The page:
It seemed to me that you were actually quite similar in the way you work.

In that we’re not plotters? Yes. Although I suspect that Lisa is slightly more organised than I am, despite her saying that she doesn’t plan. She did say that she knew 50 pages ahead, and I certainly don’t know what’s going to happen 50 pages ahead!

You mentioned in the panel that when helping with TV adaptations of your work, you would take people around the places in your stories. Would you say that place is quite an important part of starting a story?

It is for me, I always know where it’s taking place. And it might be a fictional place. In The Moth Catcher – my new book that’s out in September – the place is a Northumberland valley which isn’t real, and in fact may be closer to a valley in mid Wales where we lived when we first married. But it has to be real for me. And it has to be quite specific, because I think people grow out of the place they are born, but if you live all your life in a small Northumberland valley it’s very different to if you grow up on the mean streets of Leeds. So I think place is very important. I write quite traditional crime fiction, I would struggle to write a city story because I like the idea of people who care about their neighbours and care about the people they live with, and quite often city living is quite anonymous, and even suburban living is quite anonymous. So choosing places like the places where I live, where the people know you and care about you or dislike you, who know the secrets that you have hidden but don’t speak about, that’s interesting material for crime fiction.

And I suppose that adds to the tension, when a secret can exist in a community like that, it’s quite unsettling.

Yes, and thinking about some of the smaller Shetland Islands, there might be secrets that absolutely everybody knows but nobody talks about, not because of any sense of sensitivity but because if you didn’t have some privacy you would go mad. If everyone talked about everything it would be so claustrophobic. If you were somewhere like Fair Isle with maybe 50 or 60 people, you would go slightly bonkers if people were talking about each other all the time. So they don’t, they really don’t. They keep a sense of each family having its own privacy.

So yesterday we found out that Sarah Hilary has won the Theakston’s Old Peculier Crime Book of the Year Award with her debut novel. And there were quite a few debuts on the longlist this year. Do you think people were searching for fresh voices this year or are there just a lot of particularly talented debut authors emerging at the moment?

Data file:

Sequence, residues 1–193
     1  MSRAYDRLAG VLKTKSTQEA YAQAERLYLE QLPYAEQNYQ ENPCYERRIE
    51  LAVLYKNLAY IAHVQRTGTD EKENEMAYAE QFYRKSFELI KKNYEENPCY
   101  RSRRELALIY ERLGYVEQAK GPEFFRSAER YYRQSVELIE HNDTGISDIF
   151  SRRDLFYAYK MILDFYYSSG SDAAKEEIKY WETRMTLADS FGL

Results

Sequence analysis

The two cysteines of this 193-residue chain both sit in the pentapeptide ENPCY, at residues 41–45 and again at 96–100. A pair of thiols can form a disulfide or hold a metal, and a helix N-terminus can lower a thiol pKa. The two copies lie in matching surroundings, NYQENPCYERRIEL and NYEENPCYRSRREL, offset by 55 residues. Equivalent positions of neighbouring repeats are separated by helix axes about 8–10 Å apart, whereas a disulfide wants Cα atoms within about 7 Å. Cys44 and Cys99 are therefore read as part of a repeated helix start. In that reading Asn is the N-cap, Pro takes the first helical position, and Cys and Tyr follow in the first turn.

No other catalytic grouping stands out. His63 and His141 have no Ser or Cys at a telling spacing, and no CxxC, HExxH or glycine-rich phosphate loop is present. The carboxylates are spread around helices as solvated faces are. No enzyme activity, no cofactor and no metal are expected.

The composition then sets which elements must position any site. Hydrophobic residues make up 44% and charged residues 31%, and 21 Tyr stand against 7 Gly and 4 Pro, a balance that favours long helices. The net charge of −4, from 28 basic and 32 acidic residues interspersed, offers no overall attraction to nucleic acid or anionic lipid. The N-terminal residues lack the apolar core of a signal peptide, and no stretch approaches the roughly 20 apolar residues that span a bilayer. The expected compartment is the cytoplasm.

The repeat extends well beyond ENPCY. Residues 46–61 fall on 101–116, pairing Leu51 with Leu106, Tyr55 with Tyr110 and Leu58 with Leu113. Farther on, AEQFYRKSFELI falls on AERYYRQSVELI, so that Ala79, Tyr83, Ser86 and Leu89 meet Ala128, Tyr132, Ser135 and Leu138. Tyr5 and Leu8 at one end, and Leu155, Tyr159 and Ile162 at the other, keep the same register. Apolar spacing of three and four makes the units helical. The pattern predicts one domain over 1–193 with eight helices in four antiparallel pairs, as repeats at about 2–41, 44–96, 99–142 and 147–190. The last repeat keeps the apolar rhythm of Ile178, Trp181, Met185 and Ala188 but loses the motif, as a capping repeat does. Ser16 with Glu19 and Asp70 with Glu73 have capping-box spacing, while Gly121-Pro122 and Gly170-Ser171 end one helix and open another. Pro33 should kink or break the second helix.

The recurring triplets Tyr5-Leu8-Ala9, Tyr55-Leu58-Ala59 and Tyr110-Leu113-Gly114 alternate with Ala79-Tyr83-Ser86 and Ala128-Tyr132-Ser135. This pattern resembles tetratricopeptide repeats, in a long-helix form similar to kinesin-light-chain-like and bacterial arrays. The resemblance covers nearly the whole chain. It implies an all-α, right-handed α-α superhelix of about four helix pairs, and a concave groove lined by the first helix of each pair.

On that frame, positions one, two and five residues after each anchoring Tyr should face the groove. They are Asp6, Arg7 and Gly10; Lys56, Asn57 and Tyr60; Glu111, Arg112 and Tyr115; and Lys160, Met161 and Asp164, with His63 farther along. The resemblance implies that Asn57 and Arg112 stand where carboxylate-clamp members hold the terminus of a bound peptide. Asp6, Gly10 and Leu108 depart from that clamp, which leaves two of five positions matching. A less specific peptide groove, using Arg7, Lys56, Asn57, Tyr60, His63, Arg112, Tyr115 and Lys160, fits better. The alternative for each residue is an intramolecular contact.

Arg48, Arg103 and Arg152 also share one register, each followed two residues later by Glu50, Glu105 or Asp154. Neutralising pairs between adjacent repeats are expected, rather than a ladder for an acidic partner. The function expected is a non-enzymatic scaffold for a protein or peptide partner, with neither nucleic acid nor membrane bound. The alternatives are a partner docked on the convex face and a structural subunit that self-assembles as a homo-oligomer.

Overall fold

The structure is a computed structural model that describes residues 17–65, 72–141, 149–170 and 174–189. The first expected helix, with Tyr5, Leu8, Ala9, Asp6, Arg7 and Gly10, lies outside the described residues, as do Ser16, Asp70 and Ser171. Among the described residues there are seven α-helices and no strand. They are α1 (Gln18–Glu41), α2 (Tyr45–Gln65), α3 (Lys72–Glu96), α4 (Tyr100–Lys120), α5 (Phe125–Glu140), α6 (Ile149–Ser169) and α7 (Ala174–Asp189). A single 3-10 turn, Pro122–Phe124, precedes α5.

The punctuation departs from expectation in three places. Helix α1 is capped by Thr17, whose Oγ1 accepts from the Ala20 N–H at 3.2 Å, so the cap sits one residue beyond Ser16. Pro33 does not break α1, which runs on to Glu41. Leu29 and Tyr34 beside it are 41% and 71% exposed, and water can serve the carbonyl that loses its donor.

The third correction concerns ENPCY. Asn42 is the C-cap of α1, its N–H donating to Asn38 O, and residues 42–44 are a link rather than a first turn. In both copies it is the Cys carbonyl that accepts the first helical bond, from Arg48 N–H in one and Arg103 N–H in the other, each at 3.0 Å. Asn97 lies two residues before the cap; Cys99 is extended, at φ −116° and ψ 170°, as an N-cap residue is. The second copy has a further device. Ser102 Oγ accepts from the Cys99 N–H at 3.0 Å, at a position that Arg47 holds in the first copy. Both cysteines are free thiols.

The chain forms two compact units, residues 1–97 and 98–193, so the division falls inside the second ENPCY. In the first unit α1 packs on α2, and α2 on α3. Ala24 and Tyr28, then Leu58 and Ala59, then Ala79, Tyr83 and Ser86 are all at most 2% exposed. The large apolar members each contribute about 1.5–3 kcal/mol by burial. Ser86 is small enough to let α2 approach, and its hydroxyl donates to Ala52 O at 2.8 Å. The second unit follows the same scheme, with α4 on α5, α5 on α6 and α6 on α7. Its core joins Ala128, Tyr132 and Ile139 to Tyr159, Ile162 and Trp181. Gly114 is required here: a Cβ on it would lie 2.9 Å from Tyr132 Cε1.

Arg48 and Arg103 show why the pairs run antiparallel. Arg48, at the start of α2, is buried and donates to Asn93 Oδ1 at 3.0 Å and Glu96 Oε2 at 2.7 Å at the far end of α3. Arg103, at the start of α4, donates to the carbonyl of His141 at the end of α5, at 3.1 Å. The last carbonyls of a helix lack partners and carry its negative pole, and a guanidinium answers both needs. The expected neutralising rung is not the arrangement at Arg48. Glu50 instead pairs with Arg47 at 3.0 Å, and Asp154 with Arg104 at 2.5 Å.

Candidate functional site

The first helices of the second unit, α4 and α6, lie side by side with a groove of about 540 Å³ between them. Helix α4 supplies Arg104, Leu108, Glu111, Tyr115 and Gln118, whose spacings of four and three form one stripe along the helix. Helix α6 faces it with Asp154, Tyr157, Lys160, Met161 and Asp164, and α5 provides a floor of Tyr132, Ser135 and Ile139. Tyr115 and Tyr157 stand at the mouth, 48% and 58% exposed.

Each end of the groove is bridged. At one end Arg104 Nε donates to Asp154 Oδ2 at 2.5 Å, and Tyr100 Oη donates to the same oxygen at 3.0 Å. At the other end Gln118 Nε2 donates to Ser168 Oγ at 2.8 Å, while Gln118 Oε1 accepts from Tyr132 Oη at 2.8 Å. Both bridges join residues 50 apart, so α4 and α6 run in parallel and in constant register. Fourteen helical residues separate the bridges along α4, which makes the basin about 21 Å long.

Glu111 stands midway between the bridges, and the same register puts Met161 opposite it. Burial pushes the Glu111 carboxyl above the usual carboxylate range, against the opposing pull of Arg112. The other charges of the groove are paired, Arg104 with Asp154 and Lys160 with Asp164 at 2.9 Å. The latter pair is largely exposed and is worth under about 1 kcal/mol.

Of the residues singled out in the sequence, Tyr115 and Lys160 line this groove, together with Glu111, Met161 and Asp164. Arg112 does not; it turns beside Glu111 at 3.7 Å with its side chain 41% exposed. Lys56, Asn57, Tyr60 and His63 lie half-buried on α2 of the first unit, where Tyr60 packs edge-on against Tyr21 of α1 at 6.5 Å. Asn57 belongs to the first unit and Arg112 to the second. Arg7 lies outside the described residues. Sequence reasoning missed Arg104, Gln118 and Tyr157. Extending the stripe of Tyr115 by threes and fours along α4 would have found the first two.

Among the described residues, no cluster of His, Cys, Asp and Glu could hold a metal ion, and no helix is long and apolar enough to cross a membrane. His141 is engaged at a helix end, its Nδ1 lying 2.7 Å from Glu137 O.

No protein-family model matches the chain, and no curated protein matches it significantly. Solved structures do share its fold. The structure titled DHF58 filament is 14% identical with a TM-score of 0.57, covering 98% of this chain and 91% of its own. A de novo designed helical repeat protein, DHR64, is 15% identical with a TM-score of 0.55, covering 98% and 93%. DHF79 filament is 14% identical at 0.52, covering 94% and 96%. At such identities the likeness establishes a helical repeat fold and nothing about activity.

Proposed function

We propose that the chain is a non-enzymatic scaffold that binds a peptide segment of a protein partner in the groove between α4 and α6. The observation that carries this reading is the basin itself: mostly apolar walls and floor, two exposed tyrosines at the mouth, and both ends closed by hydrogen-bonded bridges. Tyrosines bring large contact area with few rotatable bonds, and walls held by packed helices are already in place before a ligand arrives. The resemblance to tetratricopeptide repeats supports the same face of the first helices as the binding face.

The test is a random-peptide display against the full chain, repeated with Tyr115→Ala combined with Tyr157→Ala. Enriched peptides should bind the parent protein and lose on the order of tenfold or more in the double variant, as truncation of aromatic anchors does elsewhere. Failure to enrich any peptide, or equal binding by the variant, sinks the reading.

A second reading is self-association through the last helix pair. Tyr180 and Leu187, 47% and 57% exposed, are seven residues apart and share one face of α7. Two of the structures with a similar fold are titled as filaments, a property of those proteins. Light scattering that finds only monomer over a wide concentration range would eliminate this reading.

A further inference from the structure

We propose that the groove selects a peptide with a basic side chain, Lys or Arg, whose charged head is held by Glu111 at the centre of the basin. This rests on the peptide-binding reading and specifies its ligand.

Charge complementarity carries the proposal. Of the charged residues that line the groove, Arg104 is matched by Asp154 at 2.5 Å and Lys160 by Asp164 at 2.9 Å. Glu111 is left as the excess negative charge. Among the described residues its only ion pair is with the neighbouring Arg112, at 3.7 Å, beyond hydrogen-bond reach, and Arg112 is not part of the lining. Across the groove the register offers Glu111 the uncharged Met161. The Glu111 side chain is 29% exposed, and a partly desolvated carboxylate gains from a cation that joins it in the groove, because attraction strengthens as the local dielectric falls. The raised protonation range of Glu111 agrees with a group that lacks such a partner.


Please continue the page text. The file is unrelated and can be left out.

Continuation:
I don’t know. Certainly as judges we just looked for the ones that were the best books, and the fact that it was a debut was remarkable but it didn’t influence it in any way. We just thought it was very strong, you start off thinking it’s one thing because, although it’s very finely written, it starts off sounding very campaigning, in a way predictable, and then it turns into something completely different. I also liked that although it was a deeply disturbing book, the violence wasn’t explicit, it was actually either reported or the writing stopped just before the violence was going to happen. And in a sense that’s more disturbing because it’s in the reader’s head then and you recreate it. It was very unusual because of that, I thought it was very restrained writing.

Would you agree that the crime genre is quite diverse and how does that relate to the stories we’re reading at the moment?

I think it is at the moment and a lot of that is to do with the translated crime that came in. I guess at first with Henning Mankell originally and then Stieg Larsson, because they sold well then publishers were more willing to try other translated authors, and because of that the rules of the genre kind of changed. Henning Mankell very political and Stieg Larsson very political, and with a very strong central character, and that allowed us to look at crime fiction in a different way, much as when John Harvey and Ian Rankin first started writing, we looked at crime fiction in a different way, you know “oh yeah, no it doesn’t have to be women writing about small country villages and posh people it can be valid, exciting, even quite conventionally formatted, but about poor people living in cities.” And that was very interesting too. I think next year’s festival is going to be fascinating because Peter James is going to have an international theme, and is looking at pulling in not just Americans and Europeans but Asian writers and African writers, and I think that will be really interesting. But it’s something that we should’ve done a long time ago. And I hope that will again widen the field and make the genre even broader than it is now. And that’s the great thing about changing the programme chair every year, each year you get a different flavour. My taste is much more domestic and quiet, and that’s probably reflected in the panels, but it’ll be great to get a new take next year.